Briefly

Stuff that matters


It takes poo to tango

A new car from Toyota runs on a very renewable resource: human waste.

Yes, you read that right: The Toyota Mirai is powered by hydrogen fuel, which can be made from poop.

The process, as Quartz reports, is surprisingly simple. Toyota is using a wastewater processing plant in Fukuoka, Japan, to separate sewage into liquids and solids, and the solid waste is mixed with microorganisms that break it down, creating biogas. After that, carbon dioxide is filtered out, water vapor is added, more CO2 is extracted, and what you’re left with is pure hydrogen — a clean, efficient fuel that doesn’t emit greenhouse gases.

While this may seem space-aged, it’s actually old technology. Marc Melaina of the National Renewable Energy Laboratory told Quartz, “In India, they have loads of biogas plants in villages and such that are just part of their energy infrastructure.”

But poo-to-hydrogen technology is not widely available in the U.S. In fact, hydrogen fuel from any source is not widely available. There are only 29 hydrogen fueling stations in the entire country, and most are in California. If you don’t live in L.A. or San Francisco, you’re shit out of luck — at least for now. But that could change: The U.S. has plenty of crap that could be put to use.


Grist 50

Meet the fixer: This CEO provides clean energy for any budget.

You might think solar panels are just for people with money to burn. John Bourne disagrees. “There are a number of clean energy options out there for everybody,” he says. “Our job is to help find the right one for the right person.”

Bourne used to work for solar companies that would develop products and ask stores to carry those products exclusively, even if they weren’t the best fit for everyone. So he started BrightCurrent to represent a bunch of different brands instead. The company partners with big retailers — Sam’s Club, Comcast, Sears — and provides behind-the-scenes services like running call centers and training retail associates, all to help match customers with the right clean energy and efficiency products, from smart thermostats to LEDs.

More than 30,000 people have bought clean energy products through BrightCurrent since the company launched in 2015. “We’re just getting started,” Bourne says. “We really want to be in every state in the country.”


Meet all the fixers on this year’s Grist 50.


amazing

Keystone XL is approved. Apply now for 35 permanent pipeline jobs.

As expected, President Donald Trump signed a permit for the pipeline’s construction on Friday, though a few roadblocks remain in its path.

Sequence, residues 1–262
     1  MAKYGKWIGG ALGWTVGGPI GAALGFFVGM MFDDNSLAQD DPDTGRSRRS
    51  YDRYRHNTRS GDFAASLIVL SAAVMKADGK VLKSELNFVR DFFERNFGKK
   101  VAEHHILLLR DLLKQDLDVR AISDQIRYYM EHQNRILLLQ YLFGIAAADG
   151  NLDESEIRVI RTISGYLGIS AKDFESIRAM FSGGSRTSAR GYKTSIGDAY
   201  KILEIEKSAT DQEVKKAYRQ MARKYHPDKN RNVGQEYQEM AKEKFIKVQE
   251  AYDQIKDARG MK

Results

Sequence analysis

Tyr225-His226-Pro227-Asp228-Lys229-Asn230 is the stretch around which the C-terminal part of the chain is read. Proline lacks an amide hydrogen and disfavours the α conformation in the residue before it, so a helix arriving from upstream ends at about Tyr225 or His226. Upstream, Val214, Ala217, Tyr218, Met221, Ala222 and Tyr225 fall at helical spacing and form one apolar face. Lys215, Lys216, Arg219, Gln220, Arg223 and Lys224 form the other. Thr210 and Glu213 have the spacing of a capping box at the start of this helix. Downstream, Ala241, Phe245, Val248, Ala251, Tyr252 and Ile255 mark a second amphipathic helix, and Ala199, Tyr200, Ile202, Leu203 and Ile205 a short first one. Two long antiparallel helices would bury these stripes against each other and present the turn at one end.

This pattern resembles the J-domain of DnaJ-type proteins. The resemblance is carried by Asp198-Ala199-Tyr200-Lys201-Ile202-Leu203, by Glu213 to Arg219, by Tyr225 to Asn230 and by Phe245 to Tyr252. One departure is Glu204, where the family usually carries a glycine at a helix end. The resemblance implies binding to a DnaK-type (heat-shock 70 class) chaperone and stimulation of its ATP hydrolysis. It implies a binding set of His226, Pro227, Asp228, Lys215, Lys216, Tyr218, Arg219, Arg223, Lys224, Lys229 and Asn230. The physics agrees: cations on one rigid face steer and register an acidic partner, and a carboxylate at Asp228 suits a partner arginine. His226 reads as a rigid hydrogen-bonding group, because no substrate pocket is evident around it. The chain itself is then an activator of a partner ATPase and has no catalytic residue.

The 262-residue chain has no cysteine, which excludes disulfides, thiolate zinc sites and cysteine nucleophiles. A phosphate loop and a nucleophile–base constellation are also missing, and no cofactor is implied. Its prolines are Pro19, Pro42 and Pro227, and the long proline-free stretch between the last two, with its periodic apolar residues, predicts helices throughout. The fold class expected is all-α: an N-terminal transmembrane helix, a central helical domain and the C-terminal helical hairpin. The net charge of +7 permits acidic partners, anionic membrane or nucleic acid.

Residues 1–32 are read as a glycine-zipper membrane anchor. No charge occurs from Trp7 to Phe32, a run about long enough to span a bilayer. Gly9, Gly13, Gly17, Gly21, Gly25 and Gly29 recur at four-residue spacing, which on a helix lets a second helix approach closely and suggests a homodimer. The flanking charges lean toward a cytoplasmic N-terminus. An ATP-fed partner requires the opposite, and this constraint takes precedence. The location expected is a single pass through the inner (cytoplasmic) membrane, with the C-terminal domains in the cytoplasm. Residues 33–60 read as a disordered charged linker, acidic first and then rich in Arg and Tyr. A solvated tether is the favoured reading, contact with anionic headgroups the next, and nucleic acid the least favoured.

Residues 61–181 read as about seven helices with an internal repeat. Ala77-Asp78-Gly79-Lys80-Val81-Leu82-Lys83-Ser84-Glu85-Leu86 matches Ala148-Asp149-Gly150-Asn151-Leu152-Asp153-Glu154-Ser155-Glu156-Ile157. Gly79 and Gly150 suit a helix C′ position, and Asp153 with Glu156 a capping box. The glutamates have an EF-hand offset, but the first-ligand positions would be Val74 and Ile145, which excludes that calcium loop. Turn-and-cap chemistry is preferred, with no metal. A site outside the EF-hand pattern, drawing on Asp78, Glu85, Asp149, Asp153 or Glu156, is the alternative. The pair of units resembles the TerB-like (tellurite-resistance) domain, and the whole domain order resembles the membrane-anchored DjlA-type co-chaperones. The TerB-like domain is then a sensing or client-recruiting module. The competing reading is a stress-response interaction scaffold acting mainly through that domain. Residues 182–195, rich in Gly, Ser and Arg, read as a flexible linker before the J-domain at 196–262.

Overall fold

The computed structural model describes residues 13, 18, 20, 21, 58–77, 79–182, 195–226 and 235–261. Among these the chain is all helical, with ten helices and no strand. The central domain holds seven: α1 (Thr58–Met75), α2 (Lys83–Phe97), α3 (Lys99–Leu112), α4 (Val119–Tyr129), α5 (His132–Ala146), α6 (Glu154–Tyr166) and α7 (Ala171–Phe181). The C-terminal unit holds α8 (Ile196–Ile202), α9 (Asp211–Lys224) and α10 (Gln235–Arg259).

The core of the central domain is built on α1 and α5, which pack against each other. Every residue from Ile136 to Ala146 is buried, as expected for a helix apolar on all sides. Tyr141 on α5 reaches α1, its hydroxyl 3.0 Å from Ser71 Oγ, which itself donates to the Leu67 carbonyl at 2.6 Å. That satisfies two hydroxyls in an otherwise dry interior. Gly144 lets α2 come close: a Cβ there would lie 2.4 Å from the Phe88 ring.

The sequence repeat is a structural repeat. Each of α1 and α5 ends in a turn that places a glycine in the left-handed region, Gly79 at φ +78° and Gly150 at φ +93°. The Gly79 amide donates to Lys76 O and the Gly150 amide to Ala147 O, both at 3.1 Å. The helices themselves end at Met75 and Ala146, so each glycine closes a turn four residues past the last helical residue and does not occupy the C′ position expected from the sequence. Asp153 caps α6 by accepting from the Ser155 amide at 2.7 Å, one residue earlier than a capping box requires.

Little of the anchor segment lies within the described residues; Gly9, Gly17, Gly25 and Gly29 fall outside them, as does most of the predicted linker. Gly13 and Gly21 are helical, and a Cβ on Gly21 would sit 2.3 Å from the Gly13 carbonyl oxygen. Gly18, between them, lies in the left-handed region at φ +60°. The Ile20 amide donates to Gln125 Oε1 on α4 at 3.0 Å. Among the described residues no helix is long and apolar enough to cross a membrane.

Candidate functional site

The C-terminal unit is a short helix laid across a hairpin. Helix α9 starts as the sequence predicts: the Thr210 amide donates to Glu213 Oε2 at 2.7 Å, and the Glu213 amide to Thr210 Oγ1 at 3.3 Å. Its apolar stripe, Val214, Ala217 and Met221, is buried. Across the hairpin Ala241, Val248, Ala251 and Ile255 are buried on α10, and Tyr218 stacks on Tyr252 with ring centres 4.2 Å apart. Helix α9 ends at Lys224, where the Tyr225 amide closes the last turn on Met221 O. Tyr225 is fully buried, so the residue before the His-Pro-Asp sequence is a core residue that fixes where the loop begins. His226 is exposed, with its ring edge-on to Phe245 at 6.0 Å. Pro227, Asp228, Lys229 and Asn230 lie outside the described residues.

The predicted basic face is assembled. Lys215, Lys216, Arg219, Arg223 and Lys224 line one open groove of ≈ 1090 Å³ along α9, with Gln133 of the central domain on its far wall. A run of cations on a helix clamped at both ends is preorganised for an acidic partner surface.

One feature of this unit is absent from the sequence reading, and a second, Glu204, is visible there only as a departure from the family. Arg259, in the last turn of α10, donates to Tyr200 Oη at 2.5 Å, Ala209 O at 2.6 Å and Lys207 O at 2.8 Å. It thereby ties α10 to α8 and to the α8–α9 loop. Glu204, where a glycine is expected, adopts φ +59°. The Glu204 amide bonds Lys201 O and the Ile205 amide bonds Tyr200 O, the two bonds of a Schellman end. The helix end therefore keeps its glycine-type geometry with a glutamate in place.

The State Department estimates the Keystone XL would provide 42,000 direct and indirect jobs — a number that might be inflated — and only 3,900 of those would be full-time construction positions. The thing is, they’re nearly all temporary, lasting long enough to get Keystone XL built. Once operational, the pipeline would employ just 35 people, according to the estimate.

Those numbers fall a bit short of what a certain reality TV star predicted in 2013:

Keystone XL would carry dirty tar sands oil from Canada to the United States, running over the Ogallala Aquifer and close to more than a dozen tribal lands. That puts a lot of drinking water at risk. As pipelines age, they typically aren’t properly maintained (after all, only 35 permanent employees are doing the work). Sooner or later, they’re sure to leak.

“It’s going to be an incredible pipeline,” Trump said on Friday morning. “Greatest technology known to man or woman. And frankly, we’re very proud of it.”


Spoiler Alert

A fun fact you didn’t know: Koalas don’t drink water, but now they have to.

Just like you tell yourself that you get all the hydration your body needs from beer (you don’t), koalas usually get all the water they need from eating eucalyptus leaves. But that’s changing, now that those leaves are slowly drying out.

It’s your worst friend — climate change!

Researchers at the University of Sydney in Australia have set up drinking stations (dubbed “Blinky Drinkers”) to observe whether the marsupials are drawn to them. And sure enough, their study has shown that populations benefit from supplemental water — which is a new development for koalas.

Footage showed koalas staying an average of ten minutes at drinking stations. But this data was from last winter, and the data from summer — December to February Down Under — has yet to be analyzed. Keep in mind that summer sun in Gunnedah, the “koala capital of the world,” can ratchet temperatures up to 120 degrees F.